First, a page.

The insurance industry in Malaysia faces several challenges that may hinder its growth and development, such as low penetration rate, high reinsurance outflows, talent shortage, cyber risks and regulatory uncertainties. The life insurance penetration rate in Malaysia has remained stagnant at 55% for the past few years, while the general insurance penetration rate has declined from 1.8% in 2016 to 1.6% in 2020. The reinsurance outflows from the general insurance sector have increased from MYR 5.9 billion ($1.4 billion) in 2016 to MYR 7.5 billion ($1.8 billion) in 2020, indicating a lack of domestic capacity for larger and more specialized risks. The talent shortage in the insurance industry is evident from the high turnover rate of 18.9% in 2020, as well as the low ratio of actuaries per million population of 3.6 in Malaysia compared to 16.9 in Singapore and 19.7 in Hong Kong. Cyber risks are increasing as the insurance industry becomes more digitalized and exposed to cyberattacks, data breaches and privacy violations. The regulatory uncertainties are related to the potential changes in the regulatory framework and requirements for the insurance industry in the future, especially in the areas of capital adequacy, risk management, consumer protection and taxation.
Despite these challenges, the insurance industry in Malaysia also has many opportunities to grow and thrive, such as increasing demand for health insurance, expanding into new segments and markets, leveraging data and analytics, enhancing customer engagement and loyalty, and embracing sustainability and social responsibility. The demand for health insurance is expected to increase as the population ages and becomes more health-conscious, as well as due to the COVID-19 pandemic that has highlighted the importance of health protection. The insurance industry can expand into new segments and markets by offering customized and personalized products that cater to the needs of different customer segments such as women, millennials, gig workers and microenterprises. The insurance industry can leverage data and analytics to improve underwriting, pricing, claims management, fraud detection and customer segmentation. The insurance industry can enhance customer engagement and loyalty by providing value-added services such as wellness programs, financial education, loyalty rewards and gamification. The insurance industry can embrace sustainability and social responsibility by adopting environmental, social and governance (ESG) principles and practices, as well as by supporting social causes such as financial inclusion, disaster relief and community development.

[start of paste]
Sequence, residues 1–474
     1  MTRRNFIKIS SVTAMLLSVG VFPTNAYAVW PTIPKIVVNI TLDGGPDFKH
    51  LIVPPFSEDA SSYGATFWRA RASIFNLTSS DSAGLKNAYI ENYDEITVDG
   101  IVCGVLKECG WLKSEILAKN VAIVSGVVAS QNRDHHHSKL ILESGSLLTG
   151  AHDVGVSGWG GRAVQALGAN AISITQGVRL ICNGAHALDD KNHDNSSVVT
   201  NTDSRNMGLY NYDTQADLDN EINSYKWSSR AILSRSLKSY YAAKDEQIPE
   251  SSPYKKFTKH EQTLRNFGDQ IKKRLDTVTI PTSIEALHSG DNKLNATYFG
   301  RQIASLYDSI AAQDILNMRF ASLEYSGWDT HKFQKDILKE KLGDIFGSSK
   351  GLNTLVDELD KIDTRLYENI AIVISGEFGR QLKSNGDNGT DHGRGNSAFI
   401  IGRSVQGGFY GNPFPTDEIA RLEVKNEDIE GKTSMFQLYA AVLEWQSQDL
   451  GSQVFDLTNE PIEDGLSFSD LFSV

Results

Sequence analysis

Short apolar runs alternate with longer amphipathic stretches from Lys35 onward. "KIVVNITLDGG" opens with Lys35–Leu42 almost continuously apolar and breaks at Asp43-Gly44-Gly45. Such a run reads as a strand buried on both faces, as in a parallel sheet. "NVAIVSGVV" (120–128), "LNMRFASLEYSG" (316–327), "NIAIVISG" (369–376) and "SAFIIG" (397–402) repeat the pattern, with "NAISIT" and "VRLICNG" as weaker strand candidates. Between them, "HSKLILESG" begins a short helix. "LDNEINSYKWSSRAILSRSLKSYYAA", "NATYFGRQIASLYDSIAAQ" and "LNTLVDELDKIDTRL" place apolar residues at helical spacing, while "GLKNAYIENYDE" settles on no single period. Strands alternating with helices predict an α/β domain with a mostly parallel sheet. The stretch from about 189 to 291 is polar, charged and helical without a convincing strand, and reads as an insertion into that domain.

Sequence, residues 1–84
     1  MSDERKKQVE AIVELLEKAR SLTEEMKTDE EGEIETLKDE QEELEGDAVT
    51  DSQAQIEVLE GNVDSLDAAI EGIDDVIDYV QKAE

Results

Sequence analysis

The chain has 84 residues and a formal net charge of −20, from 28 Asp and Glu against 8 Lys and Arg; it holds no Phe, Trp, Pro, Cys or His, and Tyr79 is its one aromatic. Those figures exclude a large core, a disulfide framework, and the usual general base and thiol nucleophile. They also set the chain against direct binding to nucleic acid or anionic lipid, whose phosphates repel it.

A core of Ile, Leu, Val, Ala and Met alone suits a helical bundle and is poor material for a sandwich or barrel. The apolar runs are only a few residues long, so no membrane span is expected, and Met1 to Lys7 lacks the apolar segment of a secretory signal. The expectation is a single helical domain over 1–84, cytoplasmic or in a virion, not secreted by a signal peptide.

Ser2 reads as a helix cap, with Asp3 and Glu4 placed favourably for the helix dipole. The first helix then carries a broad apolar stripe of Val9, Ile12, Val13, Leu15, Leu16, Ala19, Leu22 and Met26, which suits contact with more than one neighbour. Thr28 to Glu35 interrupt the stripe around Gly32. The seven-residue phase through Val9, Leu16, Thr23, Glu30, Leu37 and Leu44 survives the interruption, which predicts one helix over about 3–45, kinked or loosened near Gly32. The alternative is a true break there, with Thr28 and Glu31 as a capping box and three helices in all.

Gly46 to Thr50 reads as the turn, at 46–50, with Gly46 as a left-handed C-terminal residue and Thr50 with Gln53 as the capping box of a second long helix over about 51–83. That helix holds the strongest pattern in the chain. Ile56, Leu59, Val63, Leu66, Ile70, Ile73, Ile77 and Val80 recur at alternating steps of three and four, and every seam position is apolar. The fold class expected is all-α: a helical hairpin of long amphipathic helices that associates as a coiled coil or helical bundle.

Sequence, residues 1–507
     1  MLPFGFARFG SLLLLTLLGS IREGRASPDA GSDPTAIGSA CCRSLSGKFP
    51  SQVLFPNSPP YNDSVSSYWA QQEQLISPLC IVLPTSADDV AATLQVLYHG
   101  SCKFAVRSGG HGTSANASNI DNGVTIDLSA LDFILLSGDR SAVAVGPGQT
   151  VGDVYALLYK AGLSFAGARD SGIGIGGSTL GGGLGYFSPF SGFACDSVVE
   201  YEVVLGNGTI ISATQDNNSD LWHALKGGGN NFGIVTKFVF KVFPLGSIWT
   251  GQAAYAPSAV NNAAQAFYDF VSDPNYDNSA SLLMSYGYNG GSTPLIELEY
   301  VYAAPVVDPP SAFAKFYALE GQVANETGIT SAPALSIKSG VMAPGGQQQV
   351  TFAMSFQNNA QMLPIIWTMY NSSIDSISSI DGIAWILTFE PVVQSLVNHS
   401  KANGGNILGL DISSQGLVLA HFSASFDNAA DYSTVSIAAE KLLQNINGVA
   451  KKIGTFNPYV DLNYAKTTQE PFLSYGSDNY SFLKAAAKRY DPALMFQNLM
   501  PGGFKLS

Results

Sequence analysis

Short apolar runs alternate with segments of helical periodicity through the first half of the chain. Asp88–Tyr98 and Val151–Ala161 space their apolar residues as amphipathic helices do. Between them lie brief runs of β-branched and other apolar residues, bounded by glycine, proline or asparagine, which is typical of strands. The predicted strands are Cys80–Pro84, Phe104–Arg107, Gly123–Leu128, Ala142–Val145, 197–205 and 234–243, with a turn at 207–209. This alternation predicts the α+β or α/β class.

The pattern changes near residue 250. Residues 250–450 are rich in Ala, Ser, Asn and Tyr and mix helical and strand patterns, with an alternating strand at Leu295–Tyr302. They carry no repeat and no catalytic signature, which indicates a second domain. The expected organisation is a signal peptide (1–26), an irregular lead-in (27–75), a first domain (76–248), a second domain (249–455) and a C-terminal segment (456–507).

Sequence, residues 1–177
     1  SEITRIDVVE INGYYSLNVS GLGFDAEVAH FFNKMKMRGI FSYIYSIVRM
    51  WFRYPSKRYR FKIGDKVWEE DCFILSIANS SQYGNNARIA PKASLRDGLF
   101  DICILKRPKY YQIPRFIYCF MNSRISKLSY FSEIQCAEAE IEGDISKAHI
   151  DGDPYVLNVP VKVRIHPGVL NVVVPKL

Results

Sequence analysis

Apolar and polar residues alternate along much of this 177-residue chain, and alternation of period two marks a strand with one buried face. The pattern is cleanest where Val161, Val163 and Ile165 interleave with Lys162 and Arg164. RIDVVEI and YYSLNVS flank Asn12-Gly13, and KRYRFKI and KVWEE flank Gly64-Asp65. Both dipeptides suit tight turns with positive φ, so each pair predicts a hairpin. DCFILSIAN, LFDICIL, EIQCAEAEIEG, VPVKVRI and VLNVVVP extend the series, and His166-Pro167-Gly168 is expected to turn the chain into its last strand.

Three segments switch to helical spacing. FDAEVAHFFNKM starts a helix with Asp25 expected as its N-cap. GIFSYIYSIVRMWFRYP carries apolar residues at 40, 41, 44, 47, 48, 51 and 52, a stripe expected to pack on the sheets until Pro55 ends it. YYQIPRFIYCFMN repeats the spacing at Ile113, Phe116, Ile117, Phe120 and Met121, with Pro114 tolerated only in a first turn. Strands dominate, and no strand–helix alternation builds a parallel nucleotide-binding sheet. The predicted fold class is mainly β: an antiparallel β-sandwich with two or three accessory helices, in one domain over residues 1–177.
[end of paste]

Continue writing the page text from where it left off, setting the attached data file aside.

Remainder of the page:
The insurance landscape in Malaysia is transforming rapidly in response to the changing economic, regulatory, technological and consumer dynamics. The insurance industry in Malaysia has many strengths such as a large market size, a high growth potential, a supportive regulator, and a vibrant digital ecosystem. However, it also faces many challenges such as low penetration rate, high reinsurance outflows, talent shortage, cyber risks.